About 100 persons, among them activists from as far away as Texas, Georgia and California, gathered July 19 at Ann & Robert H. Lurie's Children's Hospital downtown to protest that hospital's practice of performing what they say are medically unnecessary reconstructive surgeries on young intersex patients without those patients' informed consent. About 35 of those persons were intersex, according to organizers.
The hospital has long performed the surgeries, which many intersex individuals say rob them of bodily autonomy and often leave them facing a multitude of medical, physical and psychological consequences as they become older.
Among the supposed goals of such surgeries is a genital appearance that appears and seems more recognizably "male" or "female." Lurie pediatrician Earl Cheng, M.D., was called out repeatedly in the protest for performing such surgeries.
"This needs to stop, and it needs to stop now," said Sean Saifa Wall, an Atlanta-based activist who works with Intersex Justice Project, which organized the protest.
Activist Pidgeon Pagonis recalled a number of childhood surgeries on their reproductive organs and genitalia at Lurie, and said that they were told the surgery was necessary to prevent cancer.
"Were here to say, 'Lurie, do better,'" Pagonis said. "You're doing the same surgeries today that you did on me in the '80s and '90s."
Councilwoman Betsy Driver, who became the first openly intersex politician in U.S. history when she was elected to the Flemington, New Jersey Borough Council, also took part and reminded the crowd of the political power they can collectively yield.
"Don't stay home on Nov. 6," Driver said.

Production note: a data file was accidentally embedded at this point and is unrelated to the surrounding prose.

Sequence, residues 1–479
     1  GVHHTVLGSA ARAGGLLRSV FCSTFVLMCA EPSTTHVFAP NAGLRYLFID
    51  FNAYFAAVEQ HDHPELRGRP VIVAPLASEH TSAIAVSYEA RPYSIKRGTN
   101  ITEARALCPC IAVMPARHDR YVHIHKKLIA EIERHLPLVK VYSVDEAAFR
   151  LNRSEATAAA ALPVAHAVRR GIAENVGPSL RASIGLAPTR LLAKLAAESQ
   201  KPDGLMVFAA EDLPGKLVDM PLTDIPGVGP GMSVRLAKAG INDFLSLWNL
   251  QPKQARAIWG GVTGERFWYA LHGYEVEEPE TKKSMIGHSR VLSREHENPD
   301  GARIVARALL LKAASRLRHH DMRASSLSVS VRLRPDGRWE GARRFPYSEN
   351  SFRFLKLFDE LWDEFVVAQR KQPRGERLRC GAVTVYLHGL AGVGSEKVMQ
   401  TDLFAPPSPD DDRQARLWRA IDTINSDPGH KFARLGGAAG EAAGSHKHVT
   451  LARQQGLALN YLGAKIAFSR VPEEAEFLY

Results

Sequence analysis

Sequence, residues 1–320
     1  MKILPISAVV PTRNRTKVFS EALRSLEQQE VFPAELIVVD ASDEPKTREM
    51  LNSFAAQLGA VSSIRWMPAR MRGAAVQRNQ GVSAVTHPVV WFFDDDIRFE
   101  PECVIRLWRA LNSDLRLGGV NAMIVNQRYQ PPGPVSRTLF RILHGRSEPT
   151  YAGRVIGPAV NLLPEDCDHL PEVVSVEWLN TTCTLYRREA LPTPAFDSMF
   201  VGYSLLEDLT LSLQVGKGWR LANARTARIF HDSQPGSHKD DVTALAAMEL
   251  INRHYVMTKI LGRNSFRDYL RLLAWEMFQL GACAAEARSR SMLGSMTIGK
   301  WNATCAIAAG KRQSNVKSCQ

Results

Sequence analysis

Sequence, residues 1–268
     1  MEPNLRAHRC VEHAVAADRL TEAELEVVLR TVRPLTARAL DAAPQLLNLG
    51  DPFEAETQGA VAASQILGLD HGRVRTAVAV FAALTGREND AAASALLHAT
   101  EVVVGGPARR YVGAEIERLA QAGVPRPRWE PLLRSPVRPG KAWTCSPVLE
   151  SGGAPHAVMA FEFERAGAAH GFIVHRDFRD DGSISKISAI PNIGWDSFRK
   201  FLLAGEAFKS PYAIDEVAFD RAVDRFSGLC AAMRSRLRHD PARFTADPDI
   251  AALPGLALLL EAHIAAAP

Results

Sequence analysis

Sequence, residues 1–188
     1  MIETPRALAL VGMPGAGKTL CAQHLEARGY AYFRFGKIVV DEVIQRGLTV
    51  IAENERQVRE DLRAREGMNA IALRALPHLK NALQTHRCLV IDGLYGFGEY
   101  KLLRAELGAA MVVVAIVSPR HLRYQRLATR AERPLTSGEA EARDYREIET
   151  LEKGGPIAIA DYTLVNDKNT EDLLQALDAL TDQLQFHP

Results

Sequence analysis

Houston-based activist and artist Koomah unveiled a graphic mixed-media piece they said was intended to evoke the trauma of the surgeries, a canvas wall hanging with several diapers, each dabbed with fake blood, attached. It was laid before the front door of the hospital.
"We will not pick up this installation," Wall said. "We are not ashamed."
Some Lurie employees stopped to watch the protest and look at the installation as they left work that evening. One man yelled, "We hear what you are doing. Please continue to speak up."
In a statement, Lurie spokesperson Kathleen Keenan said, "The Gender and Sex Development program at Ann & Robert H. Lurie Children's Hospital of Chicago is dedicated to the development of optimal multidisciplinary care for individuals who identify as intersex or have differences of sex development ( DSD ) and their families. We are committed to open communication with the Intersex community and fully respect the diversity of opinions that exists. We believe that continued efforts to foster healthy and open communication between intersex support groups and the medical community are vital to future improvements in patient care. Consistent with this philosophy, Lurie Children's is hosting an educational program as part of the annual Androgen Insensitivity Syndrome ( AIS ) and Differences of Sex Development ( DSD )/ Intersex advocacy meeting July 19, 2018."
Houston Intersex Society, of which Koomah is a member, and interACT Youth were also represented at the July 19 rally.